Carbon Nanotubes Current Events

Carbon Nanotubes Current Events, Carbon Nanotubes News Articles.
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Nanotubes could pose health risk to production line staff, study suggests
Tiny fibers used to strengthen everyday products such as bicycle frames and hockey sticks could pose health hazards to those involved in their manufacture. Certain types of carbon nanotubes -- cylindrical molecules about one-thousandth of the width of a human hair -- could cause cancer in the lining of the lung, University of Edinburgh researchers have found. (2011-06-14)

Scientists untangle nanotubes to release their potential in the electronics industry
Researchers have demonstrated how to produce electronic inks for the development of new applications using the 'wonder material', carbon nanotubes. (2013-10-21)

Stirring research provides recipe for nanotube success
In a set of experiments reported in the Jan. 30 Physical Review Letters, NIST reseachers provide insights into how to manufacture polymers that contain nanotubes more efficiently. In recent years, these tubes of graphite many times thinner than a human hair have become a much-touted emerging technology because of their potential ability to add strength and other important properties to materials. (2004-01-30)

Researchers make breakthrough in the production of double-walled carbon nanotubes
In recent years, the possible applications for double-walled carbon nanotubes have excited scientists and engineers, particularly those working on developing renewable energy technologies. These tiny tubes, just two carbon atoms thick, are thin enough to be transparent, yet can still conduct electricity. This combination makes them well-suited for advanced solar panels, sensors and a host of other applications (2008-12-22)

Amino-functionalized carbon nanotubes act as a carrier for nerve growth factor
Amino-functionalized carbon nanotubes act as a carrier for nerve growth factor. (2014-04-21)

Researchers devise new means for creating elastic conductors
Researchers from North Carolina State University have developed a new method for creating elastic conductors made of carbon nanotubes, which will contribute to large-scale production of the material for use in a new generation of elastic electronic devices. (2012-01-24)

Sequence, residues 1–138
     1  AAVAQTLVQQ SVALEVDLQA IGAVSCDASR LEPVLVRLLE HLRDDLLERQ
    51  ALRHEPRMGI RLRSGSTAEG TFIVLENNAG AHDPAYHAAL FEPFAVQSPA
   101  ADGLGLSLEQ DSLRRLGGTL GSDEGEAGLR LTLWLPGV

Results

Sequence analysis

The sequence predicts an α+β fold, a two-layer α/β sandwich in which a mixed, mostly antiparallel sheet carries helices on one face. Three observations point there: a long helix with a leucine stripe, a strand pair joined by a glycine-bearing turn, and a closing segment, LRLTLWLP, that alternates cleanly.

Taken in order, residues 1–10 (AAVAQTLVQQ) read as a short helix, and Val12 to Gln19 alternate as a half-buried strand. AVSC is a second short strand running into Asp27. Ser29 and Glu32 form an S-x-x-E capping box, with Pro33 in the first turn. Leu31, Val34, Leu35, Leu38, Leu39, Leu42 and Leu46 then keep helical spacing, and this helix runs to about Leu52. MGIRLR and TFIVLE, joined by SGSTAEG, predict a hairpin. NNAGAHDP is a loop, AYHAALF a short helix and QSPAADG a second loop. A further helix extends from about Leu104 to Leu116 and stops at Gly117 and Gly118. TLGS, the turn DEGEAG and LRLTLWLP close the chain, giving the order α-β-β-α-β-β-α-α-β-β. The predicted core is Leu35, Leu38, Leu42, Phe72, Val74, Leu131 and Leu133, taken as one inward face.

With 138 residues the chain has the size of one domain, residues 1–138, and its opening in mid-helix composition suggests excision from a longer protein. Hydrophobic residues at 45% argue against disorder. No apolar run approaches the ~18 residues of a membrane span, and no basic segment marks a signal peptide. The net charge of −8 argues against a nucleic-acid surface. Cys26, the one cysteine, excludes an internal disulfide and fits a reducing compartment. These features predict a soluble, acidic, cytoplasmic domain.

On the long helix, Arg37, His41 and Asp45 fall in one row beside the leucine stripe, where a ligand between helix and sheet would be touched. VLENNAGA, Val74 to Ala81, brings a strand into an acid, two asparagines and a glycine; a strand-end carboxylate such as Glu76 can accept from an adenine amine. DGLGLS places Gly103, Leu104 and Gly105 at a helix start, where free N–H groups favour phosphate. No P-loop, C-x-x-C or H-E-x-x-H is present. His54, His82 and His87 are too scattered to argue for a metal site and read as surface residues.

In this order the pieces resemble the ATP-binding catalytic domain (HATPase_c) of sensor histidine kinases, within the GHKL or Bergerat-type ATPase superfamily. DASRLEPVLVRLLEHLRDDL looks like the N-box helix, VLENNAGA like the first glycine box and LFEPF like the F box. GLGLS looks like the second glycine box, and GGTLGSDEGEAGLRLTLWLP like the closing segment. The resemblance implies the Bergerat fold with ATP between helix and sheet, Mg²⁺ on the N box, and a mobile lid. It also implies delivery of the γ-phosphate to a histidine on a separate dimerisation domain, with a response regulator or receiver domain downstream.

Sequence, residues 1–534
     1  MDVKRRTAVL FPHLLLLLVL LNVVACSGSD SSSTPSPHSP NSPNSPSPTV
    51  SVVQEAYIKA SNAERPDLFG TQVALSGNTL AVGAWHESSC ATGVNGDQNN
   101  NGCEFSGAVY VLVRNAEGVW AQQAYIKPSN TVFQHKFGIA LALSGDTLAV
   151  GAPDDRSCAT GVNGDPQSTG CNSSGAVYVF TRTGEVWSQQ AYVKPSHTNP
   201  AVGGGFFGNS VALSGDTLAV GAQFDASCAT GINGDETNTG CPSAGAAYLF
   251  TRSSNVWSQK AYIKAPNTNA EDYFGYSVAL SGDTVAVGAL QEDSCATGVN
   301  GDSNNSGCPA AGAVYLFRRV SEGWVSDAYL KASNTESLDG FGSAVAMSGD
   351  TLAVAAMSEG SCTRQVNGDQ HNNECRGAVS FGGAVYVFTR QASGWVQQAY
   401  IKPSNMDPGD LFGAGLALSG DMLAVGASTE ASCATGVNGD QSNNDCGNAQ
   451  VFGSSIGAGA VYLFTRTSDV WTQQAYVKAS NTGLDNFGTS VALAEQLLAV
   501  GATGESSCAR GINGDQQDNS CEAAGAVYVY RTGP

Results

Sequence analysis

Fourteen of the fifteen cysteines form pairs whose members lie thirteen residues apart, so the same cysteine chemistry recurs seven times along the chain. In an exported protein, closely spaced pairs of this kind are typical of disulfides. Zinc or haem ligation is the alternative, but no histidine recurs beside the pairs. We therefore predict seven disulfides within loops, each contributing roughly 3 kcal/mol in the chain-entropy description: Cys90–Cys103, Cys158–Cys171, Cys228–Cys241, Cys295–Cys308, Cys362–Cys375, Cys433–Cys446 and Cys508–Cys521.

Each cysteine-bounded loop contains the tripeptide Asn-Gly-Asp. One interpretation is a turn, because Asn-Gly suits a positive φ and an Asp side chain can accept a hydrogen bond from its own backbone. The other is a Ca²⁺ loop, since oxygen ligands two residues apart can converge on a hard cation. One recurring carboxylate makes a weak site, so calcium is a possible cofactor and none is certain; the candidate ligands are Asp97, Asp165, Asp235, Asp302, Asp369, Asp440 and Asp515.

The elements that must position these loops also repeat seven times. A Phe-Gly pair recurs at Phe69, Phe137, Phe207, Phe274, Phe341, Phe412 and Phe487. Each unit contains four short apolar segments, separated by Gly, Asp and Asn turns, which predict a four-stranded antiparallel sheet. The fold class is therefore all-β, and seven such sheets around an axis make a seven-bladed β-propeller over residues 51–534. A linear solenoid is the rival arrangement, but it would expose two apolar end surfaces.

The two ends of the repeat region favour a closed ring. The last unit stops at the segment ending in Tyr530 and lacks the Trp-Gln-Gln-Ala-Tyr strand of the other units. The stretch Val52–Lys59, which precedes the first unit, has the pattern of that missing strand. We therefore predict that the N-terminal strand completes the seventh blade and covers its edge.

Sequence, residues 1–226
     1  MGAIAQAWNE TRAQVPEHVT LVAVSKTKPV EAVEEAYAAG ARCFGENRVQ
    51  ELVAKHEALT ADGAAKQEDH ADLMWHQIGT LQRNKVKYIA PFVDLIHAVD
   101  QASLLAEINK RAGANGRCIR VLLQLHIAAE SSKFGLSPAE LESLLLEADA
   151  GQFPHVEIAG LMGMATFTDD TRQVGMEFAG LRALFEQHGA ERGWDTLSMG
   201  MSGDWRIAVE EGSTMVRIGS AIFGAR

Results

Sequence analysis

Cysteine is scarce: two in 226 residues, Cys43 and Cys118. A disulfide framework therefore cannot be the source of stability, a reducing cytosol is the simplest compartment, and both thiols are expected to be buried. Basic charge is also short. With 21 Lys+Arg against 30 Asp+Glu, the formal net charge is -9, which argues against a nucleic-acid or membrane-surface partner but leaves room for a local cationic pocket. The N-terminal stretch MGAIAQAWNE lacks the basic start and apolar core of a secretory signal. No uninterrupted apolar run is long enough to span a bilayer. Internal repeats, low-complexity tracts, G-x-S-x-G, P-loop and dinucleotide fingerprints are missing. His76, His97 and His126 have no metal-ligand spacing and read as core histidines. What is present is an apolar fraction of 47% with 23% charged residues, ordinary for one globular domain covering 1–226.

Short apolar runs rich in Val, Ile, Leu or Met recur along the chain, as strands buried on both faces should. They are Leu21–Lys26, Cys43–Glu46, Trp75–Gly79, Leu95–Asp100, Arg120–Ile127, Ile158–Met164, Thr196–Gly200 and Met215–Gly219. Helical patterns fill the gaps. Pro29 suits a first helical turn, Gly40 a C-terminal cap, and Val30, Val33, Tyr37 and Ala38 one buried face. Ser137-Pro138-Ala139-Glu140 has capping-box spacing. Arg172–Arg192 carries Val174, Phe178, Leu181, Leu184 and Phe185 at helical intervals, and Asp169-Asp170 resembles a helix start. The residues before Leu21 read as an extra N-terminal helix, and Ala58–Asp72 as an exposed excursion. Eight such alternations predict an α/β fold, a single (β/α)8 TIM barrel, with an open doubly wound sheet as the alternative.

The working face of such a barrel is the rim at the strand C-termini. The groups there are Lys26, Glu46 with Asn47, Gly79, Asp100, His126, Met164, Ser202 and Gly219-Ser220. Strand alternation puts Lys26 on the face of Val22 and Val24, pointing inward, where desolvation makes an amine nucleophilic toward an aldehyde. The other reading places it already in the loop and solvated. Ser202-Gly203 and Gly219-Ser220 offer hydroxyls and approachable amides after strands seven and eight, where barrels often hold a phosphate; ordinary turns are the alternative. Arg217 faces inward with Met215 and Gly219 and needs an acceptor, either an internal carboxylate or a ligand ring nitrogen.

Laser applications heat up for carbon nanotubes
Carbon nanotubes---a hot nanotechnology with many potential uses---may find one of its quickest applications in the next generation of standards for optical power measurements, which are essential for laser systems used in manufacturing, medicine, communications, lithography, space-based sensors and other technologies.As described in a forthcoming paper in Applied Optics,* scientists at the National Institute of Standards and Technology (NIST) and the National Renewable Energy Laboratory have made prototype pyroelectric detectors coated with carbon nanotubes. (2005-01-26)

Nanotechnology may lead to more energy-efficient electronics
Carbon nanotubes and graphene consist of just a couple of layers of carbon atoms, but they are lighter than aluminum, stronger than steel and can bend like spring-coils. Physicist Niklas Lindahl at the University of Gothenburg, Sweden, has been studying the unique properties of the materials, which in future may result in improved electronics and light, strong material. (2012-02-13)

Faster computers with nanotechnology
The silicon transistors in your computer may be replaced in ten years by transistors based on carbon nanotubes. This is what scientists at the University of Gothenburg are hoping -- they have developed a method to control the nanotubes during production. (2010-05-31)

Taming carbon nanotubes
Carbon nanotubes have many attractive properties, and their structure and areas of application can be compared with those of graphene, the material for whose discovery the most recent Nobel Prize was awarded. In order to be able to exploit these properties, however, it is necessary to have full control of the manufacturing process. Scientists at the University of Gothenburg are closing in on the answer. (2011-02-07)

Boston College Researchers discover 2 early stages of carbon nanotube growth
Orderly rows of neatly aligned carbon nanotubes have served as the standard for nanotechnology researchers. But two Boston College physicists report in the journal Nanotechnology the discovery of two early stages of carbon nanotube growth that produce tangled or semi-aligned tubes with characteristics that could lend themselves to thermal management and other applications. (2011-10-03)

Carbon nanotubes twice as strong as once thought
Carbon nanotubes -- those tiny particles poised to revolutionize electronics, medicine, and other areas -- are much bigger in the strength department than anyone ever thought, scientists are reporting. New studies on the strength of these submicroscopic cylinders of carbon indicate that on an ounce-for-ounce basis they are at least 117 times stronger than steel and 30 times stronger than Kevlar, the material used in bulletproof vests and other products. The findings appear in the monthly journal ACS Nano. (2010-09-15)